The Prodigal Son

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The Prodigal Son, with its many versions and adaptations, is an example of Rodin's reuse and adaptation of favourite themes and compositions. It is ultimately derived from a figure Rodin used in a group of 'Ugolino' - the head and torso are identical. Rodin then gave the figure different limbs and combined it with a fleeing female figure for the group called 'Fugit Amor' (Love Flees) on the 'Gates of Hell' bronze portal and doors for the new Museum of Decorative Arts, Paris, which he was asked to design in 1880. Finally in 1894 it was first exhibited as a single free-standing figure, with the title 'The Child of the Century'. The figure is highly characteristic of Rodin's search for dramatic expression in 1880s. Rodin described his work: 'I emphasised the protrusion of the muscles to express distress… I exaggerated the tendons that mark the fervour of the prayer'. The title of 'The Prodigal Son' is from the biblical parable of the son who, having spent all his money, returns to his father and throws himself at his feet, begging for forgiveness. Other titles it has been given include 'The Prayer of the Abandoned Child' and even 'The Dying Warrior'.   Credit Line:Given to the Victoria and Albert Museum by Rodin in 1914   This object is part of "Scan The World". Scan the World is a non-profit initiative introduced by MyMiniFactory, through which we are creating a digital archive of fully 3D printable sculptures, artworks and landmarks from across the globe for the public to access for free. Scan the World is an open source, community effort, if you have interesting items around you and would like to contribute, email [email protected] to find out how you can help.  Courtesy of the Victoria and Albert Museum, London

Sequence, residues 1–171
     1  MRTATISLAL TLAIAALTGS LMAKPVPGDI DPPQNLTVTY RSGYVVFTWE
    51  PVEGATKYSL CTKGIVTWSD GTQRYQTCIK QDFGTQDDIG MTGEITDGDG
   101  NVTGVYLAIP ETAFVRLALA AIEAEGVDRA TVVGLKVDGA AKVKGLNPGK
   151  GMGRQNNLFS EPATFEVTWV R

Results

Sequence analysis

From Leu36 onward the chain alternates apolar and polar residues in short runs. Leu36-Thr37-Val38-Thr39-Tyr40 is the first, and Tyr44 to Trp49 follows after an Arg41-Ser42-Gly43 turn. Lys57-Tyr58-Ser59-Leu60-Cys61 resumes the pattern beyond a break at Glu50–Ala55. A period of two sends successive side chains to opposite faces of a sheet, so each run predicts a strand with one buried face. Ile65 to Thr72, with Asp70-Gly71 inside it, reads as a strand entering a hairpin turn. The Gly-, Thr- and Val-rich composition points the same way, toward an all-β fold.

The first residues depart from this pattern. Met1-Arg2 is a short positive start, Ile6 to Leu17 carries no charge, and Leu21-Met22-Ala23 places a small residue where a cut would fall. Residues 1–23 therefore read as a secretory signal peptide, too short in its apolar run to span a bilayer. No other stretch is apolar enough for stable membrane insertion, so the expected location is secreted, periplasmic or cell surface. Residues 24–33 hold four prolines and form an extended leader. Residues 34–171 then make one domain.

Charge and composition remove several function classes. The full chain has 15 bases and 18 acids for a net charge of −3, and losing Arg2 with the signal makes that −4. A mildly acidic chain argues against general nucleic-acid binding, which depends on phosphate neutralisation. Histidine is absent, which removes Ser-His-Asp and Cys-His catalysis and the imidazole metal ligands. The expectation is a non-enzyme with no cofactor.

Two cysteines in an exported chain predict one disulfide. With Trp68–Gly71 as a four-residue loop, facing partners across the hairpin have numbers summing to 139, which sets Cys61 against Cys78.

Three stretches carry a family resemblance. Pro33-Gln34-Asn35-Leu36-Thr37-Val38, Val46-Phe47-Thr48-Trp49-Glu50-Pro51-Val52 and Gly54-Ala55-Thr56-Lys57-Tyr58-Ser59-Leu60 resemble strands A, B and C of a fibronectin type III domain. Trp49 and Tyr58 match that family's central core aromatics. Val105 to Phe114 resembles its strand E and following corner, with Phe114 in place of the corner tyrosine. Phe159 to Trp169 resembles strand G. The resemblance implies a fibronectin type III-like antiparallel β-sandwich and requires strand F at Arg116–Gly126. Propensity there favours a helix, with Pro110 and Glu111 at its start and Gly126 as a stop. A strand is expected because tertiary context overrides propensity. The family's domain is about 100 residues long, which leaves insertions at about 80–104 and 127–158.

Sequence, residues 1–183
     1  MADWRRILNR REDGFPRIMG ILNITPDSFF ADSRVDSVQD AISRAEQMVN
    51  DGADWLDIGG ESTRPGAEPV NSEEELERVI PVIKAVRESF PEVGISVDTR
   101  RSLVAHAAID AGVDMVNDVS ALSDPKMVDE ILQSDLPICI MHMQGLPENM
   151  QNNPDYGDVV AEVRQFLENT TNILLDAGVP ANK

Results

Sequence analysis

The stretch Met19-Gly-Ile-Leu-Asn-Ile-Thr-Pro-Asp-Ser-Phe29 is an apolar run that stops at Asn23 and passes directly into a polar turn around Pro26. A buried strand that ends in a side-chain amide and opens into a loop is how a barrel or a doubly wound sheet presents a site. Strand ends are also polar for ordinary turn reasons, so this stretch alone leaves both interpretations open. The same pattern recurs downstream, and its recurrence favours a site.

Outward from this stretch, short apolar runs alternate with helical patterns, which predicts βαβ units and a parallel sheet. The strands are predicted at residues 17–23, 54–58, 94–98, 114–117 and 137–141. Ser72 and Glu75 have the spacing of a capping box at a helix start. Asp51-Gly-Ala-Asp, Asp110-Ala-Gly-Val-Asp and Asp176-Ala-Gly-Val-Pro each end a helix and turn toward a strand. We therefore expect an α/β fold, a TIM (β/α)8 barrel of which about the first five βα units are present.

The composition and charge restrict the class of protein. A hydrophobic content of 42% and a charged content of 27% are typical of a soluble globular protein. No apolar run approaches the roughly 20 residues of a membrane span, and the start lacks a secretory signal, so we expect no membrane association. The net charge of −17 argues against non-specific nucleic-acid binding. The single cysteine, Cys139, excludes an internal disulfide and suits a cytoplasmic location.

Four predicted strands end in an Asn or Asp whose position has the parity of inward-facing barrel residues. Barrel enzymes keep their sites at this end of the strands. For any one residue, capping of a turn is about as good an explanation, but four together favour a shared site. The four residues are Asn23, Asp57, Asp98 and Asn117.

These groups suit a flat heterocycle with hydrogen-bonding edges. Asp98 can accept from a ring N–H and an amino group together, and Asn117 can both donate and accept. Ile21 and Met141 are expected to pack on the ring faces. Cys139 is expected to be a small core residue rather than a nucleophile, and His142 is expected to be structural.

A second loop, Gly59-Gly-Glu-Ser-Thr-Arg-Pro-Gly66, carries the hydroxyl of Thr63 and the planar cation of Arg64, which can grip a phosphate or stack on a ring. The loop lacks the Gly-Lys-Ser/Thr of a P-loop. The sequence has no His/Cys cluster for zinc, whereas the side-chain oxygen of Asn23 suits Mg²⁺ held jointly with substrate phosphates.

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The V&A is the world’s leading museum of art and design, housing over 2.3 million objects that span over 5,000 years of human creativity.


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